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Effects of inoculation concentration, photoperiod and temperature on growth, conidiation and conidial germination of Bionectria ochroleuca

Cite this dataset

Zheng, Yi; Xie, Yichun; Xie, Yan; Yu, Shixiao (2022). Effects of inoculation concentration, photoperiod and temperature on growth, conidiation and conidial germination of Bionectria ochroleuca [Dataset]. Dryad.


The short-term stock of Bionectria ochroleuca ochroleuca at 4°C was activated, sub-cultured, and grown at 25°C on PDA medium for 10 days to obtain a working culture. To determine the effect of temperature on fungal growth, the plates were incubated at 15, 20, 25, and 30°C under continuous darkness or an 8 h light/16 h dark regime for 10 days. To investigate the effect of photoperiod on fungal growth and reproduction, fungal cultures were incubated at 25°C with 0, 8, 16, and 24 h light exposure per day for 10 days. The cultures were exposed to full light induced by fluorescent lamps with 800–1200 lx. Mycelial growth was measured as the mean of two randomly selected orthogonal diameters of the colony on day 10 with a ruler. The colonies were in the shape of near-perfect circles, with differences between two diameters less than 1%. The conidia were then washed out using a spreader with 10 ml ddH2O. A spore suspension was transferred to sample tubes with a pipette and quantified using a hemacytometer. To investigate the effect of nutrients, temperature, and light on conidial germination, freshly grown conidia were collected 5 days post-inoculation from colonies grown on PDA. Conidia were washed off PDA with ddH2O using a spreader, and the spore suspension was adjusted  to approximately 107 spores mL-1 for the following tests. To test the impact of nutrient concentration on conidial germination, the conidia suspension was mixed with different concentrations of potato dextrose broth (PDB) to achieve a final nutrient concentration of 0, 0.1, 1, 2, and 5% and was then incubated at 25°C under continuous darkness. To determine the optimal temperature for conidial germination, conidia were incubated in 1% PDB at 4, 15, 20, 25, and 30°C under continuous darkness. To investigate the effect of light on conidial germination, conidia were cultured in 1% PDB at 25°C under continuous light or darkness. All assays had a final spore concentration of 5 × 106 conidia/mL. All the above incubation treatments were performed by placing 25 mL of the freshly mixed spore-PDB/H2O suspension onto each slide and placing the slides in a Petri dish with a moistened filter paper. Conidial germination was examined under a light microscope (400×) 3, 6, 9, 12, 24, and 36 h after incubation. These assays were performed on three technical replicates, and five fields were examined for each slide. When over 85% of the conidia in the observation field on a slide germinated, measurements on that slide were terminated. A conidium was considered germinated when the germination tube exceeded one half of the largest dimension of the conidium. In order to confirm that inoculation concentration does not have strong influence on mycelial growth and conidiation, we inoculated the PDA plates with 0.5 μl spore suspension of two different concentrations (105 μl-1 and 104 μl-1) and incubated them in 25 ℃ with full-time light or darkness for 10 days. We compared colony sizes and the number of conidia (log transformed) between the groups of different inoculation concentrations, separately for the full-light group and full-darkness group, and vice versa.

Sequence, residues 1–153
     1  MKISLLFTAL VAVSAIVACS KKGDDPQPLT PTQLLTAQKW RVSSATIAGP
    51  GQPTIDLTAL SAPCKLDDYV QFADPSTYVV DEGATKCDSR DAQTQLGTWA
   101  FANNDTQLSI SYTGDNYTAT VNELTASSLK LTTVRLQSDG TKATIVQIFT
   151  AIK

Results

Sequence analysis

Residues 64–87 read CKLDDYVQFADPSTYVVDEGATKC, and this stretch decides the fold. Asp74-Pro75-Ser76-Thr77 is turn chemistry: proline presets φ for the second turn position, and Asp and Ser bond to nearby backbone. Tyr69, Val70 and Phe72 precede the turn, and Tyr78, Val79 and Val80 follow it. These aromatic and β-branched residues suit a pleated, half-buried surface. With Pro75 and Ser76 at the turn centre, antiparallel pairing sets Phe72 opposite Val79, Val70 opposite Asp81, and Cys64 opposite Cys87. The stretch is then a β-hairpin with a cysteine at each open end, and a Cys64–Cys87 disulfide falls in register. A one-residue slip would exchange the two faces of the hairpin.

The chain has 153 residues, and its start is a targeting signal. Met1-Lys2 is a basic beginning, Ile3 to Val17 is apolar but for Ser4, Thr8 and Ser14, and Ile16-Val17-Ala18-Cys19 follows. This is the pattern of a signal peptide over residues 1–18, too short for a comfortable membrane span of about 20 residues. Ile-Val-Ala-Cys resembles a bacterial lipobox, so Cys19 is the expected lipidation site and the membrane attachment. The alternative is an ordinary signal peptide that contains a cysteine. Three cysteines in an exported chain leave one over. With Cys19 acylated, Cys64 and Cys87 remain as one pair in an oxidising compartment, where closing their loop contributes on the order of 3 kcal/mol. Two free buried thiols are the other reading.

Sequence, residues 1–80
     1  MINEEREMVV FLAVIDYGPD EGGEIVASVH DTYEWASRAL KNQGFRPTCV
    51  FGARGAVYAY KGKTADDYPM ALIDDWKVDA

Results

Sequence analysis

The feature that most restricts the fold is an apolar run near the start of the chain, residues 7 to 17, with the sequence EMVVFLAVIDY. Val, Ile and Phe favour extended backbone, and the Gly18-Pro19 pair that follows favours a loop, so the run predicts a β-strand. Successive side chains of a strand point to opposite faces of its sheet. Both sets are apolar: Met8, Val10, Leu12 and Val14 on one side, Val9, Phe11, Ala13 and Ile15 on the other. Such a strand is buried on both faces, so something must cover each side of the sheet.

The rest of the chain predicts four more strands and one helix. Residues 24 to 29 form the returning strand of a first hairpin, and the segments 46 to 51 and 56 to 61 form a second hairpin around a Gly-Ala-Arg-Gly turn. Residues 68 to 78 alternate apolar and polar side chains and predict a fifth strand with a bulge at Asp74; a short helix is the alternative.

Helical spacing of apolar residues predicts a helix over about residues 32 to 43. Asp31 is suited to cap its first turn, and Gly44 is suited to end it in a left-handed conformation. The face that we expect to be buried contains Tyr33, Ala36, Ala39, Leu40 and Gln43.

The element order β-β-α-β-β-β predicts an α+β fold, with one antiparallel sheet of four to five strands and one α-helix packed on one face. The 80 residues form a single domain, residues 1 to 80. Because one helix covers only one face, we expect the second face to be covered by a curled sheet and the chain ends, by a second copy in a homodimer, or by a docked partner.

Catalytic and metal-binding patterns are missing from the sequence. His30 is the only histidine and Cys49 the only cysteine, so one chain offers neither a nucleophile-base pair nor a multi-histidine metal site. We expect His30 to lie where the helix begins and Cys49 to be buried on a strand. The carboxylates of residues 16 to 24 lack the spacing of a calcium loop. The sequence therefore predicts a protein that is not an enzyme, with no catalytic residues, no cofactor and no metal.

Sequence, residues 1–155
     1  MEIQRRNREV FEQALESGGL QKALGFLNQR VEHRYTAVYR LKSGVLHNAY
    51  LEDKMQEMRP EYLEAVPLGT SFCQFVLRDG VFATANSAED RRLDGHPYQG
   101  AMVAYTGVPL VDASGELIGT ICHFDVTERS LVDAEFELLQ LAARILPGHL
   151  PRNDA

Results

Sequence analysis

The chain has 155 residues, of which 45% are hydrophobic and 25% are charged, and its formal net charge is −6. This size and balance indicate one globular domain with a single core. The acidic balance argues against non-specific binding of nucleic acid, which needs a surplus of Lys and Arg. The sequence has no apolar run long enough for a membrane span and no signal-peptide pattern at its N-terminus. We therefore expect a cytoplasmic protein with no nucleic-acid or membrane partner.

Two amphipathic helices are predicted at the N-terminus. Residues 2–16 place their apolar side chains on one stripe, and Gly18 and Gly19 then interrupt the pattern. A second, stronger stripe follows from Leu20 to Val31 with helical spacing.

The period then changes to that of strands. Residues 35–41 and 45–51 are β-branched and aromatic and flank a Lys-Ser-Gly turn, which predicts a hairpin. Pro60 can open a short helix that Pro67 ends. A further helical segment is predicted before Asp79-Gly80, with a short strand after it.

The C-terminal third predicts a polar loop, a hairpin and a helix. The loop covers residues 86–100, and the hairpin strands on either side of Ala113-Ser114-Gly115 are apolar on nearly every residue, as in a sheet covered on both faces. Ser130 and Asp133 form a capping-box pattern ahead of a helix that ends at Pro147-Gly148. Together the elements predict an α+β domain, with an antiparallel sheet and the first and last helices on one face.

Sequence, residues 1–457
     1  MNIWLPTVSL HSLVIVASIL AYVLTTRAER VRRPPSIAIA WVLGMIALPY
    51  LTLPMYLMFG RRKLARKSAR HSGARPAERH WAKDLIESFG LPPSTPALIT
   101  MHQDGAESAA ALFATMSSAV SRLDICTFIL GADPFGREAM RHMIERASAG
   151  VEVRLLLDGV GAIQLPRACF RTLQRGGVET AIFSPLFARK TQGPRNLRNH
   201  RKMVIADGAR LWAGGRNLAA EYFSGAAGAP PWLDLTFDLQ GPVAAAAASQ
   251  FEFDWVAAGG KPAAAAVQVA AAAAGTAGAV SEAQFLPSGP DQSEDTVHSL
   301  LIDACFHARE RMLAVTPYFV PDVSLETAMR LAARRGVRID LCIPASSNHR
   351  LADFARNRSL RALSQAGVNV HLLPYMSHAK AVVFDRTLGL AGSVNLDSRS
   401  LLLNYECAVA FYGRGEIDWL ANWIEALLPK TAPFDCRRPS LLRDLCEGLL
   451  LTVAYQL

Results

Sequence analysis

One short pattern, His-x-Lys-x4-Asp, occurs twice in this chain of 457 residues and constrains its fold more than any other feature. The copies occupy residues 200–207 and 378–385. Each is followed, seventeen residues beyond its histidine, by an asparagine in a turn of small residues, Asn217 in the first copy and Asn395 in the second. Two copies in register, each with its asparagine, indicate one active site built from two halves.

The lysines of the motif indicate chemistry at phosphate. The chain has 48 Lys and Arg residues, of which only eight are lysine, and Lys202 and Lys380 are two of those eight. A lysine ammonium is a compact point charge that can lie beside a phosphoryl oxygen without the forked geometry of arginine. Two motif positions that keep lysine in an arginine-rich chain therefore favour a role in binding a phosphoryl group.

National Natural Science Foundation of China, Award: 31830010

Ministry of Science and Technology of the People's Republic of China, Award: 2017YFA0605100